by Steven D. Johnson
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Parting With A Cherished Tool
Sweet, so would I,
yet I should kill thee with much cherishing.
Good night, good night! Parting is such sweet sorrow,
that I shall say good night till it be morrow.
Shakespeare's oft-quoted verse is apropos when contemplating the replacement of a power tool...the
departing machine will undoubtedly bring joy to its new owner. Smiles appear at the memories of all
the great work the tool and I did together. A tear appears, too, at the sorrow of parting with an
old and faithful friend.
For months now, I have anguished over the obvious redundancy of a very high quality miter saw and
an old, and hence, high quality radial arm saw (RAS) both residing in my shop.
Both saws make wonderful cuts. Both occupy roughly equal space (11.1 square feet for the RAS and
12.5 for the miter saw). Both have been "tweaked" with the best blades (Forrest Chopmaster), and have been lovingly calibrated. In a test, the miter saw can actually crosscut a
wider piece than the RAS, if that sort of thing is important, but for me that difference alone was
not enough to sway my decision.
Complicating my decision has been the fact these are very different saws that, at least for me,
do essentially the same thing. Keep in mind, this radial arm saw is no devolved, modern, cheap,
stamped-steel, foreign made, boardroom influenced, dumbed-down, safety-tricked, and highly
compromised-for-profit tool. This is a vintage Delta. Heavy iron, precise machining and close
tolerances have allowed no slop in any movement, even after years of hard work. There is no
electronic blade brake. When you turn off the motor, it glides to a stop over an agonizingly long,
but whisper quiet period of time...a testimony to the high quality motor and bearings they used way
The miter saw, on the other hand, is a highly evolved piece of innovative engineering...a long,
long way from the old chop saws that are now generally bequeathed to the rough framers for cutting
studs to length. Solid state soft start motor and electronic blade brake, articulated and rigid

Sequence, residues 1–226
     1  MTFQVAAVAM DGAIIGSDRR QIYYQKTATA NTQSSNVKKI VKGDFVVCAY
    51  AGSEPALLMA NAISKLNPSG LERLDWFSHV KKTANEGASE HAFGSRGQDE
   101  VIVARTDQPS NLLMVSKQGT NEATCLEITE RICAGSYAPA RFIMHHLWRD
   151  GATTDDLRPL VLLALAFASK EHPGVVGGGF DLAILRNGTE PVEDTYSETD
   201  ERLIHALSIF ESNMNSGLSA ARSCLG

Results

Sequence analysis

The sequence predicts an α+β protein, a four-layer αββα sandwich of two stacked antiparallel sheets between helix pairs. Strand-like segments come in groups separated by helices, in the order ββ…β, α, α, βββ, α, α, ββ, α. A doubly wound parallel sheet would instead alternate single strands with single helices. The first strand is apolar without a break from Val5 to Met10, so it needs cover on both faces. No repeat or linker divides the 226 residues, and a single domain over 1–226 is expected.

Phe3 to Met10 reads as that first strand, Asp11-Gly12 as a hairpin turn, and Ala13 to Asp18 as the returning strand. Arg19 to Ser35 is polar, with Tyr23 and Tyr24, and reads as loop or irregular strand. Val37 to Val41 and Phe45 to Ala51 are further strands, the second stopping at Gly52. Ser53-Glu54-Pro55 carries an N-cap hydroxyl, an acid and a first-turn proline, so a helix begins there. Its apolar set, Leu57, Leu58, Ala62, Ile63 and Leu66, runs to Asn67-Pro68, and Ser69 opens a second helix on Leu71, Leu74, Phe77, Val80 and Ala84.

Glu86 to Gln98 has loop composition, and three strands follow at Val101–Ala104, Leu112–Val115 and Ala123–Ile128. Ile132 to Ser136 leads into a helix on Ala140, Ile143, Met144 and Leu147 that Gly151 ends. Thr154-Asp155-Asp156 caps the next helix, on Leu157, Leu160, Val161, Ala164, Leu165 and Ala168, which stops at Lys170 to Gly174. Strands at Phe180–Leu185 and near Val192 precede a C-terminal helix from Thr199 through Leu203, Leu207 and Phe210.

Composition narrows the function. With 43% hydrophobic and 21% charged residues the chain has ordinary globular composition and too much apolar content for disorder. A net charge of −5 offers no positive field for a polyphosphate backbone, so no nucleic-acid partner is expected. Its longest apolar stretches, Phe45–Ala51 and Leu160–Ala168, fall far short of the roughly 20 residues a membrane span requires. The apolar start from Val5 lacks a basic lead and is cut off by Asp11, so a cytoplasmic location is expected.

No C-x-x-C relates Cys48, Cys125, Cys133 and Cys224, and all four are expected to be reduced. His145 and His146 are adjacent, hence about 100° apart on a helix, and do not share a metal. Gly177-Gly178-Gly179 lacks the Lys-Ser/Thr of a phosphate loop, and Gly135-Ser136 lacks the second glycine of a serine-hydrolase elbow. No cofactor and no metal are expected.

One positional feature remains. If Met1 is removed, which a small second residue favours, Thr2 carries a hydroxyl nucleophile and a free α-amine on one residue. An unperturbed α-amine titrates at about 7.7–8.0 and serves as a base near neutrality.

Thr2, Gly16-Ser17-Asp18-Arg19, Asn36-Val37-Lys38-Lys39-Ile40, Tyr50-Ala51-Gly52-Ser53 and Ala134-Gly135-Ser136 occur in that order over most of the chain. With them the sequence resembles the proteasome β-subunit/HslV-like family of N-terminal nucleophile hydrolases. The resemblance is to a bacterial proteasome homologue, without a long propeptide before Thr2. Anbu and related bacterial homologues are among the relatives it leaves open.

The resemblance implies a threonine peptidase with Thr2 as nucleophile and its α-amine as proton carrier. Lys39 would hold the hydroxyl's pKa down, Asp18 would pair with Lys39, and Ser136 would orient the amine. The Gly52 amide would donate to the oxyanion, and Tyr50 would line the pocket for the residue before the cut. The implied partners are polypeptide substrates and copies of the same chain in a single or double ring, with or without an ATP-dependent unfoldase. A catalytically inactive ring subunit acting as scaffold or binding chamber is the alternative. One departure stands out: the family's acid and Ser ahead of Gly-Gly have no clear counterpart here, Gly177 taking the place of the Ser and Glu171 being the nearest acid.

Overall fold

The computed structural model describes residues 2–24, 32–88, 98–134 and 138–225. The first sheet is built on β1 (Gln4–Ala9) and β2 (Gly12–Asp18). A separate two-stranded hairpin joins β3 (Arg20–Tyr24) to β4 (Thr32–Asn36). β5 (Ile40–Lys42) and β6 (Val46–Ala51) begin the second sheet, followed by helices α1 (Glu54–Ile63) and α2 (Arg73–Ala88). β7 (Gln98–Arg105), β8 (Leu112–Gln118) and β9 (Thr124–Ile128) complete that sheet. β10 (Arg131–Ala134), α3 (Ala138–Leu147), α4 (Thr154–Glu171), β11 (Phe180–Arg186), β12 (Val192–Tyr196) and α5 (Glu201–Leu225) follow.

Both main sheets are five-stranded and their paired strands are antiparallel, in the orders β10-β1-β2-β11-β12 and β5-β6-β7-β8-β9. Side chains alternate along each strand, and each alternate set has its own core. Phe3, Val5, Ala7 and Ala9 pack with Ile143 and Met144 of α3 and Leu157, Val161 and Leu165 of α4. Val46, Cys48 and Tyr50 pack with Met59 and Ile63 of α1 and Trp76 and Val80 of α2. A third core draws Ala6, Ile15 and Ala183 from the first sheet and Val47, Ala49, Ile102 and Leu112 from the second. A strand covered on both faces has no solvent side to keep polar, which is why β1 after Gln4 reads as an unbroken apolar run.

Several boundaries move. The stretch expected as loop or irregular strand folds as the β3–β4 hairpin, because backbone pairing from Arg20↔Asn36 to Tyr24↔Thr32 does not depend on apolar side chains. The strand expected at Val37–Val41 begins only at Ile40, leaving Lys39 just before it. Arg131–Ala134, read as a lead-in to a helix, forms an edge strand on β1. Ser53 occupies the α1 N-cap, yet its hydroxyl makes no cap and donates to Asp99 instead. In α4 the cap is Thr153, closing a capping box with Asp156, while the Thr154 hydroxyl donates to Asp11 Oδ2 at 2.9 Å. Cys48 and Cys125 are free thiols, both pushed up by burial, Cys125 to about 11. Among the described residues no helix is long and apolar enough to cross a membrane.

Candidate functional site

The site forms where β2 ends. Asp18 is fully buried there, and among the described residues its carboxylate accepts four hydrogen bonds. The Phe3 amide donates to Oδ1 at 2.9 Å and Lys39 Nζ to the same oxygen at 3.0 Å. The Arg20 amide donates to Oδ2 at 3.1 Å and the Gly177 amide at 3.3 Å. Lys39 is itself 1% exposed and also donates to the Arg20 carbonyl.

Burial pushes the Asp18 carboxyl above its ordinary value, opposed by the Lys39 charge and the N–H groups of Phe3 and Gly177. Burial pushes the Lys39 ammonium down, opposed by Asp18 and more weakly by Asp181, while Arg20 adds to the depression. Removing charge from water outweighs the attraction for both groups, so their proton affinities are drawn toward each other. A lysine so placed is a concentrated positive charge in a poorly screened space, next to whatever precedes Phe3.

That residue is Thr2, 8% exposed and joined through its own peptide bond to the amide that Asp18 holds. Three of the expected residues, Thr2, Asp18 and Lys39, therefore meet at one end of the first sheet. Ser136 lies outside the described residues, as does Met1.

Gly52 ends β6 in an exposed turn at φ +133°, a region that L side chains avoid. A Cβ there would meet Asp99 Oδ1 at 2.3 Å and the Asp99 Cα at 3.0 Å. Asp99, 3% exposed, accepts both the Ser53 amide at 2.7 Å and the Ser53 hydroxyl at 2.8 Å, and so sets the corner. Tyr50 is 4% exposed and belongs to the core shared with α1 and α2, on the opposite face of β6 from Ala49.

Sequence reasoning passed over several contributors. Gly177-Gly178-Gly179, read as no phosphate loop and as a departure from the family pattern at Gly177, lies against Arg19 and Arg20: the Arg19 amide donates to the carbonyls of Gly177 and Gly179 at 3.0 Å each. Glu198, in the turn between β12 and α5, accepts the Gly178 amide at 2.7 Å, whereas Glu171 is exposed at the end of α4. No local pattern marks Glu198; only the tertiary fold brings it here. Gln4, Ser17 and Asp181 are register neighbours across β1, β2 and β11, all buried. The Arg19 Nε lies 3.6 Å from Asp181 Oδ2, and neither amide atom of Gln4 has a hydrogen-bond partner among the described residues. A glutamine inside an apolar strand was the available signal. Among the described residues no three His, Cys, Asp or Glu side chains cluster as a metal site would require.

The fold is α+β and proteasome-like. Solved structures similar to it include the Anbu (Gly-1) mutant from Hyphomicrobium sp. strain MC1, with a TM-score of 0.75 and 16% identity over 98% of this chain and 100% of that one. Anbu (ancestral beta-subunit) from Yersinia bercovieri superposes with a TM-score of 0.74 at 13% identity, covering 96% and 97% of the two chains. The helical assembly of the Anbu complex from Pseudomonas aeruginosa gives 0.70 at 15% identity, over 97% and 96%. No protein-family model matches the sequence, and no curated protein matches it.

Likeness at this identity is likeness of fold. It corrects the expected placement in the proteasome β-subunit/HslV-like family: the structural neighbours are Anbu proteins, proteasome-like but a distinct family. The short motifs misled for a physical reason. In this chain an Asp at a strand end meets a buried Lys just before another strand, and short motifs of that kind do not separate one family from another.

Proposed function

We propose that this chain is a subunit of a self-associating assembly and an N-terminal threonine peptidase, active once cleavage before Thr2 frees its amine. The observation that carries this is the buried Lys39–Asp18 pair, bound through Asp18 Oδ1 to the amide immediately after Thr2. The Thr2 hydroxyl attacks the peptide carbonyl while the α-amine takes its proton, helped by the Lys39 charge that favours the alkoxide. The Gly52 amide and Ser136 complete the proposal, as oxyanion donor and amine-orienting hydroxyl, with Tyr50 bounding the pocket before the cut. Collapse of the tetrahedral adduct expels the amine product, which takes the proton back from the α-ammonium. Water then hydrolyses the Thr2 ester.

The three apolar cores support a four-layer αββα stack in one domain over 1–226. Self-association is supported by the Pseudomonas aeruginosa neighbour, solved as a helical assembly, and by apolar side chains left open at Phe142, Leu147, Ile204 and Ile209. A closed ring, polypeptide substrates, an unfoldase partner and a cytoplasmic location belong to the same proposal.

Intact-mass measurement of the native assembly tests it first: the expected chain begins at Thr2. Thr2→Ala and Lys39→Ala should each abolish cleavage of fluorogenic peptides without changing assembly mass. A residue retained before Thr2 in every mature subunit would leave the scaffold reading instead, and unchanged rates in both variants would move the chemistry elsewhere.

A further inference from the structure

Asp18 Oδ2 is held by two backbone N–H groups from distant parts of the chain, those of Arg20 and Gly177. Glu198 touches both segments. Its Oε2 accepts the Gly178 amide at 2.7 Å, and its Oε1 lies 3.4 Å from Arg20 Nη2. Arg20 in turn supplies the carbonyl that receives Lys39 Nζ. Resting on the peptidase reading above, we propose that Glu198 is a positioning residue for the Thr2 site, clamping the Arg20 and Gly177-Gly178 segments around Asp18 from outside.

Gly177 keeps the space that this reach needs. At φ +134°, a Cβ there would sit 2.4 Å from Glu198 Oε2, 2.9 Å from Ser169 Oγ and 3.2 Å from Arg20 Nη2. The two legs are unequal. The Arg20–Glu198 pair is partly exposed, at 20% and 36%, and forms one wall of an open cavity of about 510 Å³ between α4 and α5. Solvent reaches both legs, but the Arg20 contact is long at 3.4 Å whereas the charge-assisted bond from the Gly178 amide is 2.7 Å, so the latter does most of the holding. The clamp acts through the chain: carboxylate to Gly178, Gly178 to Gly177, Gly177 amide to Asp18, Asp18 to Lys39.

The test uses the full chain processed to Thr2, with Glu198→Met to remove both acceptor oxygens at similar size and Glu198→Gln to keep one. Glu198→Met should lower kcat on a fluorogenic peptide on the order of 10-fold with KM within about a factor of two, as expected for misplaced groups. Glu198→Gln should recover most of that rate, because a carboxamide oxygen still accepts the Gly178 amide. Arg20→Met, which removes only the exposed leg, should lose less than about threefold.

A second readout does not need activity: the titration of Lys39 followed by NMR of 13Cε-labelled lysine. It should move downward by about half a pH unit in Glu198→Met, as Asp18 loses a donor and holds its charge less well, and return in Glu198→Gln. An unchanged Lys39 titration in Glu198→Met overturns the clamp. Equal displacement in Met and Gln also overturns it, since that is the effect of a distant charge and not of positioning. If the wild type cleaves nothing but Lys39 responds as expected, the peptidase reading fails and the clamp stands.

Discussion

arm, left- or right-handed use, ergonomics galore, this miter saw is a good example of advanced
engineering and state-of-the-art technology.
Different saws, both good, and both able to make (relatively) the same cuts...what to do?
In the past, when I was young and (more) foolish, I ripped lumber on the radial arm saw, a
dangerous proposition no matter how you slice it (pun intended). I have also cut dados, angles, and
even a bevel or two. But for the last several years the saw has been dedicated solely to cross cuts.
It is exactingly set, locked down, and nothing moves except when I raise the carriage to change or
clean the blade. It is a truly "one-cut-wonder." And it does make perfectly square cross cuts,
rarely requiring any clean up at the shooting board.
The miter saw, purchased last year to replace an older model, is much better than the one it
replaced. While it can be made to cut slightly less-than-perfect 90-degree cuts, it generally does
a pretty good job (it is all about technique, but that is a different story). It has the added
advantage of being able to quickly, and relatively accurately, cut other angles, be they 45-degrees,
22.5-degrees, or something in-between. It is fast, convenient, safe, and with the Forrest blade and
a little care, there is no blow out on the backside of cuts (something that, in my experience, is
common with most miter saws).
Sitting side-by-side in the shop, I have found myself lately going to the miter saw for almost
every cut. In fact, only when I needed to set up a stop and cut a number of pieces to the exact
same length did I turn to the RAS.
In the end, versatility, ease of use, and habituation have steered my decision to keep the miter
saw. I know there will be a chorus of readers that will tell me I am making a mistake getting rid
of my trusty RAS, and you are probably right. But space is at a premium and I simply have to
While I will continue to have second thoughts, I have to move on. Having made my decision, the
first order of business is to build a stand for the miter saw. From the day it was delivered, the
saw's home has been a pair of plastic sawhorses with a couple of 2 X 6's on top. In order for the
miter saw to achieve its fullest potential it needs a firm, purpose-made base. One rainy afternoon
I plowed through about ten year's worth of magazines and looked at every miter saw stand design...and
there have been a bunch. Some were quite nice. Some tried to be or do too many things. Some were
simply too cute by half. I decided to start with a clean piece of paper and a clear mind.
The design phase of any project, or what I refer to as "noodling out" a design, is a blast. I
start by making a list of design criteria...the "gotta have" features, which inevitably lead to more
questions and considerations, but serve as an indispensible guide.
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